It is important to re-boot your thinking when starting a new leadership role and not fall into the “this is what we used to do at my old firm” default!
When you open your computer each morning, your email looks a certain way, your web browser makes it easy to get to your favorite web sites, and your desktop looks however you like to see it organised. This is because, somewhere along the line, you or one of your IT staff programmed these as the defaults you will come back to time and again, thereby making clever short-cuts a real time-saver in a busy global executive leader’s routine.
But much like the instructions plugged into our laptops and desktops, it is important for global leaders to recognise that past successes and failures alike could have the same effect on our own day-to-day leadership and management tendencies if we are not mindful of how habit and comfort can shape the path in front of us. These intellectual and behavioral “default settings” can be sources of exceptional performance yet also the catalysts of tremendous failure.
There remains a significant gulf between the kind of organisation many companies espouse and what their employees say they actually are.
Even inside some of the most successful global business enterprises, there is a hidden culture and social identity and energy that either complements the party line about the company’s missions and values or recognises it to be disconnected from the day-to-day operating realities of their work forces. This misalignment of people and priorities is both a threat and an opportunity for global leaders.
The management view – and that of the marketers, human resources and corporate social responsibility promoters responsible for effectively messaging corporate culture to create a unique business identity and attract top talent from the outside – is usually far out ahead of the reality known amongst those who occupy your office’s cubicle workstations…
You probably already know – or perhaps even fit – this management type.
You know, the hard-charging Chief Executive who demands a tremendous amount out of his or her people, and even more of themselves.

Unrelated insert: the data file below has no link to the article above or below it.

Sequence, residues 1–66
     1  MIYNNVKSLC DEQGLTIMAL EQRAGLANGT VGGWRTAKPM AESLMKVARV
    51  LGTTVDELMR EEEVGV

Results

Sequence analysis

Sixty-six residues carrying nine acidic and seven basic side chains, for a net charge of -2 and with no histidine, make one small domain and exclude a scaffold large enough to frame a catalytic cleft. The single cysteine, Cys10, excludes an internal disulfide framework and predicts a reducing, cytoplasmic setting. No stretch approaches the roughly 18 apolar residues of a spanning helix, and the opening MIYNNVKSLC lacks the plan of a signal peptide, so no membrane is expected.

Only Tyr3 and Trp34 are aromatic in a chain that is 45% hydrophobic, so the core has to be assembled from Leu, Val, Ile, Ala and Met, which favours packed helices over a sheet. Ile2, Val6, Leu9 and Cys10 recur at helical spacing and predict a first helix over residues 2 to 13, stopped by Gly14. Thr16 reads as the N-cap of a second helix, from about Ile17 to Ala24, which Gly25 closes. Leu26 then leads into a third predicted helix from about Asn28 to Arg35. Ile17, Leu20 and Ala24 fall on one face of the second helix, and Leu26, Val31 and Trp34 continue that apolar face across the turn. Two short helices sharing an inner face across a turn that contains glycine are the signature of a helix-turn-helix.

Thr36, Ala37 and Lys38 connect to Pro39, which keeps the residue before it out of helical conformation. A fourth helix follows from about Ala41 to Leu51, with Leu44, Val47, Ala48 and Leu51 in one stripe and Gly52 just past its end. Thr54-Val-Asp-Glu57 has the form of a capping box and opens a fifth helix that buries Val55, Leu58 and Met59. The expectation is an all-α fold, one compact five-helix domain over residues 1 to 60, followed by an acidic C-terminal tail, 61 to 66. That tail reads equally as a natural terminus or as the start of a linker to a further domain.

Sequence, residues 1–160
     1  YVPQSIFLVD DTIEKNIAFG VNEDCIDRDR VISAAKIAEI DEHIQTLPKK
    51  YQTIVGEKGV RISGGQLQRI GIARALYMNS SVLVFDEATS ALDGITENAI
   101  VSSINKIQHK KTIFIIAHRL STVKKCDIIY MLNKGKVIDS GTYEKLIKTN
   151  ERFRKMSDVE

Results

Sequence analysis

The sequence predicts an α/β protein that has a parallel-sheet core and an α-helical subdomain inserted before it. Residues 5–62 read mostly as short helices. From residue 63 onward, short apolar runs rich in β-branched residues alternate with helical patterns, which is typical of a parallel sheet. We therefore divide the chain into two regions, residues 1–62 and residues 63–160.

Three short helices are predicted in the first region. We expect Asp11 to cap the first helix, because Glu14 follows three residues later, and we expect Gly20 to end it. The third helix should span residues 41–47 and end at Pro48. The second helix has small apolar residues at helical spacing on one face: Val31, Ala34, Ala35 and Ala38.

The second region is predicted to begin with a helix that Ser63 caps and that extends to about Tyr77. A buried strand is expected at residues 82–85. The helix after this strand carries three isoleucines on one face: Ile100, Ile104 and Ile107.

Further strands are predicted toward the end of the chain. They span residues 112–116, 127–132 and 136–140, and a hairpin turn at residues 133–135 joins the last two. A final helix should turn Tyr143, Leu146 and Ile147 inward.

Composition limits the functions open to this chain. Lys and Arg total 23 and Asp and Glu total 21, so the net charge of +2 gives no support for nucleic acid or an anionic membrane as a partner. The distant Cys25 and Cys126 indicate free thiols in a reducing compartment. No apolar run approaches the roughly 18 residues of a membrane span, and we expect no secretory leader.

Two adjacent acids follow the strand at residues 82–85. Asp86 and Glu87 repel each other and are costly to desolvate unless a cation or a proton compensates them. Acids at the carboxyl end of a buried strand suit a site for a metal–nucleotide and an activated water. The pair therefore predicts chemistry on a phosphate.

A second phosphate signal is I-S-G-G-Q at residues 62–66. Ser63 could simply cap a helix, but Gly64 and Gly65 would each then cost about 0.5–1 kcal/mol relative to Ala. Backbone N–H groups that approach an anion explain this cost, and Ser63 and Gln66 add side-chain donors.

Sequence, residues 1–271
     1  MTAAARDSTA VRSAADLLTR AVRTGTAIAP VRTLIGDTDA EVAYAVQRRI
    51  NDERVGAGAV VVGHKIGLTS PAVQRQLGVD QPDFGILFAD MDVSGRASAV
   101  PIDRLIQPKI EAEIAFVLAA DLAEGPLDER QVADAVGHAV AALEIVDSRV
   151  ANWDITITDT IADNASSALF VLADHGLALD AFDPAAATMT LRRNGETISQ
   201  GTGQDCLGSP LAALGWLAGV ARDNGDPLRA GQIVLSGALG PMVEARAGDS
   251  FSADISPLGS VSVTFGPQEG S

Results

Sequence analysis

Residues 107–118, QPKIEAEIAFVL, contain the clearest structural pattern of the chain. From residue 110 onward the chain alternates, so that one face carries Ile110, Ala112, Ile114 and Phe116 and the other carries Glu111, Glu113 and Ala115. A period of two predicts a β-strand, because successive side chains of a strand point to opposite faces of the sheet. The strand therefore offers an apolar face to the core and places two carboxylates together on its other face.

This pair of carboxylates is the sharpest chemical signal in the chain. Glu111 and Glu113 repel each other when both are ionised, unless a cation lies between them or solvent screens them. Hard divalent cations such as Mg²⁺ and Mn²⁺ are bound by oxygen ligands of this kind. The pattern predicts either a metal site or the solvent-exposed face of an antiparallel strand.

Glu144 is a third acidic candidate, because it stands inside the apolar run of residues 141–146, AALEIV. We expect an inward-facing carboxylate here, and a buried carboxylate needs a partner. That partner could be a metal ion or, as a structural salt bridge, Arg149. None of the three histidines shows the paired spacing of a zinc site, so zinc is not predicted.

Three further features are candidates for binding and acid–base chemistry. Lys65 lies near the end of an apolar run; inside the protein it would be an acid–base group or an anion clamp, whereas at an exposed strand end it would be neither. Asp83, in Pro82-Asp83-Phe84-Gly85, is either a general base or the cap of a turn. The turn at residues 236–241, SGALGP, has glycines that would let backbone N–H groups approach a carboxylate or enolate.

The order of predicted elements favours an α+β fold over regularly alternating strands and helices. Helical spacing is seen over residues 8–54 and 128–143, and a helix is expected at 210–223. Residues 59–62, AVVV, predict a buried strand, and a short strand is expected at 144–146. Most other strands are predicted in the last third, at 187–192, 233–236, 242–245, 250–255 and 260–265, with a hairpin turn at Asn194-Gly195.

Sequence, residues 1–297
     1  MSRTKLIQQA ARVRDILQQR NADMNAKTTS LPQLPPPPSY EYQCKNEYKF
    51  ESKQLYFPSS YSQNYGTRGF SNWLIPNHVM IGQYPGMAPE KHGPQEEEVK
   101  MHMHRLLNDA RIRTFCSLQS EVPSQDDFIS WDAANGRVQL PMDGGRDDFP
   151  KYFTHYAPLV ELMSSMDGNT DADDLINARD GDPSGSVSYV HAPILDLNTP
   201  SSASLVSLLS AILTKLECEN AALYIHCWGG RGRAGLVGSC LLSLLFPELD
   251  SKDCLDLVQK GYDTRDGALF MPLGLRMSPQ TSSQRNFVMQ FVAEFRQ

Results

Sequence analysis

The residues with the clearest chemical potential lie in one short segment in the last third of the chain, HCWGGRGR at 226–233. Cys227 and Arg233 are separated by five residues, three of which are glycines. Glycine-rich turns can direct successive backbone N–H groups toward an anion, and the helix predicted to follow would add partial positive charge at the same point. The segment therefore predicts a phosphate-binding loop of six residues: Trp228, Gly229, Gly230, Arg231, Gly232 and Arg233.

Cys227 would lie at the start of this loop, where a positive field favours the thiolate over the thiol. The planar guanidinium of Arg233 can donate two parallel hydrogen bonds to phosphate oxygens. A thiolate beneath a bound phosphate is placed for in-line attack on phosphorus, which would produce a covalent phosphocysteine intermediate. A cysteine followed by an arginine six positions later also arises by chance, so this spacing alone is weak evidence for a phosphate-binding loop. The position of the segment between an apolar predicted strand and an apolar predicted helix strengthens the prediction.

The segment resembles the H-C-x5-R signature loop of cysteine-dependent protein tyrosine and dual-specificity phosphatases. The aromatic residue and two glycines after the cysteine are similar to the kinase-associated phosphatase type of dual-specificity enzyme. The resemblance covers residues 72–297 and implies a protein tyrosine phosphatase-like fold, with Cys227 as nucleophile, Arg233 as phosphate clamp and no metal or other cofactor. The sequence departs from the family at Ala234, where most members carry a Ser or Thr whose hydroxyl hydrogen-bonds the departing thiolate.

If you have worked with and possibly even reported to just such a global leader, you may have find yourself thankful for the experience, humbled by their commitment and personal sacrifice, and changed in some meaningful way because of what he or she taught you along the way.
For many of us, these behavioural and character traits define the kind of business leader we want to work with and, perhaps, to become after witnessing the success they built and the fun they allowed themselves to have along the way. Hard work has its rewards, and these global leaders – these examples of hard work actually paying off – represent a great motivation to realise our own career potential…
Here’s one way to kill workforce productivity: subject your most productive people to death by meetings. Other factors that could be impeding the success of your organisation are a misunderstanding of priorities at various levels, as well as negative attitudes among employees who haven’t been properly engaged to share the organisation’s vision and therefore, work towards achieving its goals.
There comes that time in a company’s fiscal year when the executive team looks at the top line and the bottom line and then looks to the people around the room for answers and solutions. If the results are better than expected, the excitement lends itself to a comfortable discussion about what more can be done to push great financial returns even higher. You have been here before. The confidence that comes with superior outcomes often lends itself to further investment, expressions of gratitude and also some laughs, too…
Many of today’s leaders will have experienced the fast pace and high stress of commercial business in the world market as they established and advanced their careers. Achieving a balance between productivity and preparation is important when finding your rhythm, but successful executives also understand the importance of strategic thinking, and allow time in their schedules to pause, reprioritise and reflect on their achievements.
There comes a time in the life of a busy, globe-trotting corporate executive when it seems the ‘To Do’ items on your professional priorities list keep coming at a dizzying pace. It is no wonder, then, why even the most accomplished business leaders look to the advice of other, successful people for ideas and clues about becoming more productive, more effective and more engaging as a figurehead of the organisation he or she represents.